STAVINS: That’s correct, and carbon capture and storage is conceptually part of the ultimate story, both for coal and natural gas, at least as a transition fuel. A general principle in the economics of environment is that performance standards are better than technology standards, because performance standards leave open which technologies are used and which technologies are used will depend upon national circumstance. Of course, carbon-pricing approaches — carbon taxes or cap-and-trade — are potentially even more cost-effective, but the politics are very difficult in the United States.
GAZETTE: How did the negotiations go on Article 6, which provides guidelines on how emissions reduction programs between countries interact? I know that was something you were particularly interested in.
STAVINS: That was the one part of the action in Glasgow that really was negotiations about implementation of the Paris Agreement, because that was the one part of the Rulebook, which hadn’t been completed. It worked out. Some might describe it as a half-full glass of water. I’ll go for three-quarters full.
There are two important parts of Article 6. One is Article 6.4, which is essentially a continuation of the Clean Development Mechanism — an offset system from the days of the Kyoto Protocol. The other is Article 6.2, which is what I was working on, and it is the crucial accounting mechanism for linkages between different countries around the world and their systems to limit emissions. They can establish linkages, and then firms within those countries can carry out trading. This can lower compliance costs tremendously, and thereby facilitate significantly greater ambition. There were two problematic approaches that were being pushed by some countries, and they wound up in 6.4, but not in 6.2. So, I was relieved and pleased with that.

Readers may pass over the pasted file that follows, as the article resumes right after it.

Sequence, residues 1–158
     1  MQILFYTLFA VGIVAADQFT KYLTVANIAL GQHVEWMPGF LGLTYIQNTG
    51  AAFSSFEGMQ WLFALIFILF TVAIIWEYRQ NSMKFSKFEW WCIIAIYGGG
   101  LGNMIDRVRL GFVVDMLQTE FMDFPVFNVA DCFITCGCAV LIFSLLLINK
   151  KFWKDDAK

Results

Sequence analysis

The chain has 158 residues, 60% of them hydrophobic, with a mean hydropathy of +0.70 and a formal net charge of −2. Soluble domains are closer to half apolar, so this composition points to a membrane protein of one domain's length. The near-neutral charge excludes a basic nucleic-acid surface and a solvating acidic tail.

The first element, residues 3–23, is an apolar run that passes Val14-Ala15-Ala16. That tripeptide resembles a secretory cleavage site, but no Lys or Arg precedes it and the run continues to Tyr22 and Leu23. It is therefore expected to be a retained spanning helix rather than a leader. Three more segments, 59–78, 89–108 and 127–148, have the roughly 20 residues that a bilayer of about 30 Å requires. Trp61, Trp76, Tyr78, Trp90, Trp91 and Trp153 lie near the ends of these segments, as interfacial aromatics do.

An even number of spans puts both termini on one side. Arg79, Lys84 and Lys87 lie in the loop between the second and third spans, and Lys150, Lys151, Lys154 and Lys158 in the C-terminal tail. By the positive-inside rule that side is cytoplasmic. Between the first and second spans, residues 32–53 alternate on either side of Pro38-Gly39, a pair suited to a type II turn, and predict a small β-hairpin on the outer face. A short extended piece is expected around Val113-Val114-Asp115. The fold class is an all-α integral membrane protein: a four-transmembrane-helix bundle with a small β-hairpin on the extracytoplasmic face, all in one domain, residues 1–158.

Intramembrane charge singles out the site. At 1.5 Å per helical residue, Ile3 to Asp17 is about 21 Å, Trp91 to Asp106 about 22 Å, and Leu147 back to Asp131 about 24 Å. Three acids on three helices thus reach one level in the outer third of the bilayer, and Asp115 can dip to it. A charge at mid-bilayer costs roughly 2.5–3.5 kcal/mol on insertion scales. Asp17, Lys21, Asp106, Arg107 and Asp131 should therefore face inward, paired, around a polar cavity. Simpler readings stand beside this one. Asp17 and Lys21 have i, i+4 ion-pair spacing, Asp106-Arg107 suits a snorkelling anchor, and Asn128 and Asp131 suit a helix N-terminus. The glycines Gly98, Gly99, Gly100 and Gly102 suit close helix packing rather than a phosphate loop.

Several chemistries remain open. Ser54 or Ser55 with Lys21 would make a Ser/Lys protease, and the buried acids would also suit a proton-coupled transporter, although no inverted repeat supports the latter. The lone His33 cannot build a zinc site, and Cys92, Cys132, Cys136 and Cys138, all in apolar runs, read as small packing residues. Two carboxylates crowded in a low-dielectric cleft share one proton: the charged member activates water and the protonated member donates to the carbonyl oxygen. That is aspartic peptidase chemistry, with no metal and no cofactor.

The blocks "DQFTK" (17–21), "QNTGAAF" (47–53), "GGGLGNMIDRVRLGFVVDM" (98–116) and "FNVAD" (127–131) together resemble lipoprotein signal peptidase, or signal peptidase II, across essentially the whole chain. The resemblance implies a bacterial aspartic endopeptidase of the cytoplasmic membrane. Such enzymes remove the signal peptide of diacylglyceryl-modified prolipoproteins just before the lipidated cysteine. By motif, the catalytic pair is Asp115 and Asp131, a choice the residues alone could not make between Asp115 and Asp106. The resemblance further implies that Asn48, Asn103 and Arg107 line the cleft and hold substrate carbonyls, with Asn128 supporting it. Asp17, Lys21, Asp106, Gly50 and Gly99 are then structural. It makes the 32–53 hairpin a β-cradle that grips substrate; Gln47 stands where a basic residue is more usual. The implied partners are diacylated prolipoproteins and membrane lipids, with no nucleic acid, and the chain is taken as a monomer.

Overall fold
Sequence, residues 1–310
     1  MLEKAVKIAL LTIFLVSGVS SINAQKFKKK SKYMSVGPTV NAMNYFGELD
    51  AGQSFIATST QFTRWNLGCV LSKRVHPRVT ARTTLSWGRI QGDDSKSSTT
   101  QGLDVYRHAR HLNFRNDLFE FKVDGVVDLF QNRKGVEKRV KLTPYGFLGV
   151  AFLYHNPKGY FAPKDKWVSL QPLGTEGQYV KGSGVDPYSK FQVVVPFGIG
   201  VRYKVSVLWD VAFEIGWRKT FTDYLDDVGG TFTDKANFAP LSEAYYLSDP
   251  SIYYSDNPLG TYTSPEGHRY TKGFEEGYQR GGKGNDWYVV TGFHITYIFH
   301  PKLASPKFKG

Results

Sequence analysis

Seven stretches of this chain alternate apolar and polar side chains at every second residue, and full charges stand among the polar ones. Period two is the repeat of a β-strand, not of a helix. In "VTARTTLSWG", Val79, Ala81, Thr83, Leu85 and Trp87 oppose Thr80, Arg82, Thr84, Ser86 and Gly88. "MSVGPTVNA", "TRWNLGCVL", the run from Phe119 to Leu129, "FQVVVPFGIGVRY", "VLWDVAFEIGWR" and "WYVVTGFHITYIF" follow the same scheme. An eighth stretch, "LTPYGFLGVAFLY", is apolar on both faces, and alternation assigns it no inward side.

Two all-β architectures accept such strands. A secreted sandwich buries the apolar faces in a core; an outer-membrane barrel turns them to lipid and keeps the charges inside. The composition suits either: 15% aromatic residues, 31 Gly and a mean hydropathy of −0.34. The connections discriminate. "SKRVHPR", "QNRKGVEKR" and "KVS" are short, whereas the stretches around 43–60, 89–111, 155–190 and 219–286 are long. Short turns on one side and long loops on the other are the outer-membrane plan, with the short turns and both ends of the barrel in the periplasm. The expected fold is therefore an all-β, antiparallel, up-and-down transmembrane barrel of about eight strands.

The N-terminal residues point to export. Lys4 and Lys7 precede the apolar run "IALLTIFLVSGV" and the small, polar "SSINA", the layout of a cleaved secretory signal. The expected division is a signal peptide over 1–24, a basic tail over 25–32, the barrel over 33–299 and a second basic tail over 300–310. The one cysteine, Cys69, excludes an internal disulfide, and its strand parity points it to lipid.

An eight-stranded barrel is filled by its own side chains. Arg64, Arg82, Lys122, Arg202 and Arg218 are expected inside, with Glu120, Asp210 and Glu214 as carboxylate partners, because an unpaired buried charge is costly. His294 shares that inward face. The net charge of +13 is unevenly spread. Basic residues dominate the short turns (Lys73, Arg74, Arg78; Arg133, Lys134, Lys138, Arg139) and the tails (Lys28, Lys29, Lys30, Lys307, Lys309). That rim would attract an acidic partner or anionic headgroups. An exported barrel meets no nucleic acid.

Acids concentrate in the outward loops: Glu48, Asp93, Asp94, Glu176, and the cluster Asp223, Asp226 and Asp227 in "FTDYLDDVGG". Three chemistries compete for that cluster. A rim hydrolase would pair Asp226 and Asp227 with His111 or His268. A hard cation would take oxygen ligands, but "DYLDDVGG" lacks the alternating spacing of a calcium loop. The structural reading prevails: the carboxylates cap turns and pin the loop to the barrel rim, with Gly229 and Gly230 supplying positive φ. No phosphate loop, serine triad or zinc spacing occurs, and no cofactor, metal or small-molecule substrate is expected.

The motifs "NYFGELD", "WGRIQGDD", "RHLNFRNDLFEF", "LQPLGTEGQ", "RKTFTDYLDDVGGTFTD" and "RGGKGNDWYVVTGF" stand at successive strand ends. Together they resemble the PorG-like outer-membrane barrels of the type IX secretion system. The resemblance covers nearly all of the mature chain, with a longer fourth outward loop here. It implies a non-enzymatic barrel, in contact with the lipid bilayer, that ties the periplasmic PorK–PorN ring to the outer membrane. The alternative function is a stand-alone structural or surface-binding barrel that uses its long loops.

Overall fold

GAZETTE: There was also the question of the $100 billion for developing nations to adapt to the effects of climate change, plus the loss and damage issue. How did they wind up?
STAVINS: On finance, a commitment was made at the Copenhagen COP of $100 billion per year for developing nations, mainly for adaptation, and the payments were supposed to begin in 2020, but there has been a shortfall. By some measures the commitments — not the payments — are up to perhaps $80 billion per year. Obviously, the developing countries want to get that increased. So, there’s language in the decision out of this Conference of the Parties, which is called the Glasgow Climate Pact, that was voted out at the very end and that urges, but does not require, the developed countries to double their commitment.
The loss and damage issue is quite separate, and debates and discussions on that have been going on for a decade. This is about damages that will take place despite adaptation measures. It’s straightforward to think about adaptation actions and their cost, but the cost of damage is much more difficult to measure because damages are due to things like hurricanes and flooding, which are a result of specific weather events, and it’s just not possible to tie every weather event to climate change. There were hurricanes and typhoons long before we had climate change.